Energy

Baltic Energy Market Interconnection Plan

Baltic Energy Market Interconnection Plan

The energy markets of Estonia, Latvia, and Lithuania lack adequate connections, both between themselves and to other parts of the EU. For instance, the only power links currently between the Baltic States and another EU country are the Estlink 1 and 2 connections between Estonia and Finland. This lack of integration drives up energy prices for consumers and lowers energy security in the region.

The Baltic Energy Market Interconnection Plan (BEMIP) aims to fix this by creating a fully functioning and integrated energy market in the region, supported by the necessary infrastructure.

BEMIP projects are part of the European Economic Recovery Plan (EERP) which means that they have been eligible for over half a billion euros in funding. Projects can further be funded through the European Regional Development Fund, the EU's Cohesion Fund, and, as projects of common interest, through the Connecting Europe Facility.

The BEMIP forms part of the overall 'EU Strategy for the Baltic Sea Region'.

Electricity market integration

Under the BEMIP, the Nordic electricity market model (NORDEL) will be extended to the three Baltic States. The aim is to remove barriers to competition in the countries and bring them into conformity with EU rules. Actions include:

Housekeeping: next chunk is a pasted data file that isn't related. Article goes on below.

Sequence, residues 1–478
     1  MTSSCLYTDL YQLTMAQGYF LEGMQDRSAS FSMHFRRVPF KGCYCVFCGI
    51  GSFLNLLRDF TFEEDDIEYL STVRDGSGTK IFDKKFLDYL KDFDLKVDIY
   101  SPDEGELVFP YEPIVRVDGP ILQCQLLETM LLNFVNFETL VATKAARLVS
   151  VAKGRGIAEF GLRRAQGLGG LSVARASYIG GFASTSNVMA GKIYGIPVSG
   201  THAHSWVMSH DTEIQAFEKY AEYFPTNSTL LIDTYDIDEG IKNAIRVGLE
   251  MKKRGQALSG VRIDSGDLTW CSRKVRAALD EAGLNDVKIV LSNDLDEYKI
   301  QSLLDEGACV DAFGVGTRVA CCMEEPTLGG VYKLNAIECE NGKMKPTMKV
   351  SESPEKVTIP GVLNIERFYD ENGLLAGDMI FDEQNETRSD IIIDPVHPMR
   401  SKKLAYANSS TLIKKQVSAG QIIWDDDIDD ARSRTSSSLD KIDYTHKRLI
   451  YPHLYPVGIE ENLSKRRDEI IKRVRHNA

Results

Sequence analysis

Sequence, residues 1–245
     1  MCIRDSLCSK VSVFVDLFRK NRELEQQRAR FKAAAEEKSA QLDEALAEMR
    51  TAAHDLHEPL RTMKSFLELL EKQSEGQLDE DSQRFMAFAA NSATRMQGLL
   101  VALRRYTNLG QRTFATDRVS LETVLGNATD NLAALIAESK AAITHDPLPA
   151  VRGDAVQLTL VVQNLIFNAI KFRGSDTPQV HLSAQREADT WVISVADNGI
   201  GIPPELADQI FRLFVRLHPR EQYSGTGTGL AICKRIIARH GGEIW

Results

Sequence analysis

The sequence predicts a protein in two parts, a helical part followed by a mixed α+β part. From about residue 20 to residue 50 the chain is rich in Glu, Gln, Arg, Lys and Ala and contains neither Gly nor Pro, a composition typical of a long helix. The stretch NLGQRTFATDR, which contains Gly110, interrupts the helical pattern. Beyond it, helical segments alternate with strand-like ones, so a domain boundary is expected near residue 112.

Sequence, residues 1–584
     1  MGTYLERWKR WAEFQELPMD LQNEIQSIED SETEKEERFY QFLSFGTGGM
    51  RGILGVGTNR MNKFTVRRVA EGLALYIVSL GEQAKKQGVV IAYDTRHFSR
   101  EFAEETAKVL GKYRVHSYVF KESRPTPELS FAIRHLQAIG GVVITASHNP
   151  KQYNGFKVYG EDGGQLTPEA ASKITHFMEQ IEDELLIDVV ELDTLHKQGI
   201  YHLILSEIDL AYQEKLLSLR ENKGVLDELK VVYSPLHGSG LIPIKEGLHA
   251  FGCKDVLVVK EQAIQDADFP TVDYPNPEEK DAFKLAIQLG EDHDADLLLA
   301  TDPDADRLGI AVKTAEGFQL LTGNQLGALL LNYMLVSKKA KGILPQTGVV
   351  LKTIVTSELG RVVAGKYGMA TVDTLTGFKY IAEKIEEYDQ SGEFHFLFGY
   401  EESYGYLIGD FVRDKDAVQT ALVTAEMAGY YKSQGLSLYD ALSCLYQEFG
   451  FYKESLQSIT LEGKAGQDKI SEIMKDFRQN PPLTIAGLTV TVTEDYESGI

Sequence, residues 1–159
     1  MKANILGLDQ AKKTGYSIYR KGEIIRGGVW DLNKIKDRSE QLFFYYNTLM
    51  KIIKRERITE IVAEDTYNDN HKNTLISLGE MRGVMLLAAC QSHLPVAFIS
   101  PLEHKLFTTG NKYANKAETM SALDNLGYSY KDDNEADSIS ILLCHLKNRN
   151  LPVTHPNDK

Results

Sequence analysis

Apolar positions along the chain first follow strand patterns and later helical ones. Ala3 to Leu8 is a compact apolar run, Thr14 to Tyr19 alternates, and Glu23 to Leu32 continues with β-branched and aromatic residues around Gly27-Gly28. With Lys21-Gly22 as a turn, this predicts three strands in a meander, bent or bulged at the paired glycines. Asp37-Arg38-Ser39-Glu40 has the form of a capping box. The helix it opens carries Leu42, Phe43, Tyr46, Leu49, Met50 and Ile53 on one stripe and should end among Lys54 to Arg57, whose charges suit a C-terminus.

• removing cross-border restrictions to the trade of energy
  • reducing electricity congestion across borders and establishing common energy reserves
  • removing regulated energy tariffs
  • fully opening the retail market and establishing a common power exchange in the Nordic and Baltic areas.

Electricity interconnections and generation

To properly integrate the Baltic States into the EU's internal energy market, new electricity infrastructure projects are required in the Nordic countries, Poland, Germany, and the three Baltic states themselves. Under the BEMIP, these projects consist of three sets:

  • The Nordic Master Plan which covers those projects linking Nordic countries together such as the Fenno – Skan II connection linking Finland and Sweden, and the Great Belt project in Denmark.
  • Projects linking the Baltic area with the Nordic countries, as well as Poland. These include projects such as NordBalt linking Sweden and Lithuania, and LitPol linking Poland and Lithuania. They also include projects to strengthen the electricity grid between the three Baltic States themselves.
  • Interconnections between Poland and Germany to help deal with loop flows caused by increased wind generation in Northern Germany. Loop flows occur when the electricity produced in one country is diverted to a different part of its territory through a neighbouring country's' grid.

Gas internal market and infrastructure

BEMIP projects concerning gas include:

  • new interconnections such as the BalticConnector pipeline between Estonia and Finland
  • the implementation of reverse flows such as through the proposed Amber PolLit pipeline between Poland and Lithuania
  • LNG facilities in Estonia and Latvia
  • gas storage facilities in Latvia.
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